Wednesday, 10 March 2010

Why water is bad for the NHS.

The 'active' ingredient in homeopathy (the bit that is supposed to have some effect) is water. That’s it. Nothing more.

It is rather embarrassing to have to write this, but it has come to my attention that a lot of intelligent people (even students studying science-based degrees) believe homeopathy is a real medicine. It is not. It contains chemicals diluted down so much that there is none of the original chemical left. It is just water. Any suggestions of “water memory” have no grounding theoretically (it does not fit it with anything we know about chemistry) or empirically (there is no evidence water ‘remembers’ the chemicals it was once in contact with). We might rewrite the science if there was some suggestion that homeopathy actually healed people, but there isn't.

There has been plenty of research on homeopathic medicine, and plenty of systematic reviews (where all the separate research is put together and conclusions are made). In 2002, Edzard Ernst (a former homeopathic practitioner!) did a systematic review of the systematic reviews and concluded that there was no convincing evidence for clinical effects beyond placebo. Since then Ernst has published many papers continuing this theme*. He has claimed homeopathy is in “conflict with fundamental rules of medical ethics” and “among the worst examples of faith-based medicine”.

The placebo effect is not to be ignored. If you expect a treatment to improve your condition, often your condition will improve even if that treatment is not a real medicine (often placebos are mere sugar pills). The psychologist Nicholas Humphrey suggests this has evolved as part of a “health management system”. The body has multiple mechanisms to try to cure ailments, which have both costs and benefits. This health management system uses information, including psychological cues, to ‘decide’ which mechanisms to use. The thought that you are receiving treatment which will help you, may lead to the system changing which mechanisms it deploys, and this may lead to some costly mechanisms being reduced. The whole process of homeopathy, including the various nonsense the homeopaths may say during treatment, may cause a placebo effect.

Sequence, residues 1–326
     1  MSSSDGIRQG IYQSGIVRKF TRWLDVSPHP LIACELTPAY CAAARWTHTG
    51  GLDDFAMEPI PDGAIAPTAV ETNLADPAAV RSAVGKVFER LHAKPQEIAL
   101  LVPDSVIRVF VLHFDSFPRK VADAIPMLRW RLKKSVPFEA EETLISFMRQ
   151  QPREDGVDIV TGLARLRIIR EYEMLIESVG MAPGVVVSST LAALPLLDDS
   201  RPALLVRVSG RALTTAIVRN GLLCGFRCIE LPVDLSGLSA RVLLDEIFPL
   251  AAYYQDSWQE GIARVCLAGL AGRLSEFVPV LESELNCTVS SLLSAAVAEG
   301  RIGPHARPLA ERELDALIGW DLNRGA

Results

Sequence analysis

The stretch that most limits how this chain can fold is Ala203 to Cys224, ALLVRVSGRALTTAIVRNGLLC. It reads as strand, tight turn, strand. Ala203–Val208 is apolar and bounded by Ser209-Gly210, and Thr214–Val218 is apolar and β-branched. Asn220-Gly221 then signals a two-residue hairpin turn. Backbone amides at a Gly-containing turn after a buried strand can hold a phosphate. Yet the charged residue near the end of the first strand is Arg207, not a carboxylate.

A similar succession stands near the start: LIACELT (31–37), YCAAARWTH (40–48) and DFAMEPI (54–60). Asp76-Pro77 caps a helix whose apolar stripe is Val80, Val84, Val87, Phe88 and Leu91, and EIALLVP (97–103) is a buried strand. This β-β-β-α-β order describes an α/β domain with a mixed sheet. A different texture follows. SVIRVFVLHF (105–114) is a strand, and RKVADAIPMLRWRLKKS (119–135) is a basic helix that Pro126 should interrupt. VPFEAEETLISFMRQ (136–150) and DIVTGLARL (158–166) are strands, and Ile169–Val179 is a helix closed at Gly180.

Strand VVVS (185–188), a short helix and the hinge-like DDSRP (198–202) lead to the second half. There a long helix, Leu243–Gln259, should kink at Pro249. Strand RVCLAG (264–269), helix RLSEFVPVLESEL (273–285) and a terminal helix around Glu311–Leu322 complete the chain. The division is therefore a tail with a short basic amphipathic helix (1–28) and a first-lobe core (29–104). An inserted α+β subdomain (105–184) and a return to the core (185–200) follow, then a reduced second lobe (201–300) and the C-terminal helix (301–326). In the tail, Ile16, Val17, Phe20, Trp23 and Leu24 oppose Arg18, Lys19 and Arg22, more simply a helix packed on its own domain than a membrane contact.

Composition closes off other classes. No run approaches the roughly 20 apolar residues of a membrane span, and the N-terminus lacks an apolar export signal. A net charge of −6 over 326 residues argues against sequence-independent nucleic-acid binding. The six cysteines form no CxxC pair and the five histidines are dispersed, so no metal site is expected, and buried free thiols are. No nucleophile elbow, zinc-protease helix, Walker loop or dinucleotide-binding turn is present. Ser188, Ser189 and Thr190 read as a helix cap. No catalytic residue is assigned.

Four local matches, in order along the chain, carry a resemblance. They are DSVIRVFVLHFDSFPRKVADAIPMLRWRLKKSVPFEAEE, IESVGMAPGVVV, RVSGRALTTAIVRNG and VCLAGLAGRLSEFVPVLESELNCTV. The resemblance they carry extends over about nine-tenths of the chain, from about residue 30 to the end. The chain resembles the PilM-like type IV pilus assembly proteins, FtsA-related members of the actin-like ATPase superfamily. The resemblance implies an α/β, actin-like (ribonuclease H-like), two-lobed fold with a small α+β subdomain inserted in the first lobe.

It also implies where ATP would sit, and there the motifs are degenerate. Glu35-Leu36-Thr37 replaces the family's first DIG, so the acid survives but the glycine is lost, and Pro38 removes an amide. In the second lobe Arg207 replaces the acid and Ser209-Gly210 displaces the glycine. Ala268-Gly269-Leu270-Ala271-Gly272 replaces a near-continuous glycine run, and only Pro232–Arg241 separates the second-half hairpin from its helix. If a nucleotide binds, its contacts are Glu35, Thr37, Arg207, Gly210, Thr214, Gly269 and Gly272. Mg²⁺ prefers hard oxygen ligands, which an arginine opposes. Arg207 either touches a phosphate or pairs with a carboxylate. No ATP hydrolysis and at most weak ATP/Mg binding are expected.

Surely homeopathy is worth it then? It might all be lies, but ignorance is bliss as they say. The people duped by this scam are receiving the placebo effect and getting better, even if at a high price. What’s the problem? Well there are three.

1. The NHS funds homeopathic remedies. Not only are taxes being wasted, but the money that is spent on homeopathy could be spent on much more effective treatments.

2. People often see doctors as cold and clinical, and drugs as dangerous. Homeopathic remedies lack side-effects and are seen as “alternative”. This creates the illusion that homeopathic is somehow better than real medicine. This, along with the common occurrence of homeopaths advising patients not to use conventional treatments, leads to people rejecting real medicine, and therefore missing out on proper treatment.

3. It adds to the creeping view in society that evidence-based science is over-rated or useless, and that faith is somehow more desirable. No it isn’t. Faith barely ever comes true. The only good way of discovering the truth is to rigorously review and criticise the evidence available. It’s a complete disgrace that hundreds of years of good science and philosophy are being ruined by the idea that if you want something to be true, then it’ll be true. Sorry, but that isn’t how the world works. Get over it.

People can pay for homeopathy with their own money if they want, but while it is paid for by the NHS, homeopathy kills.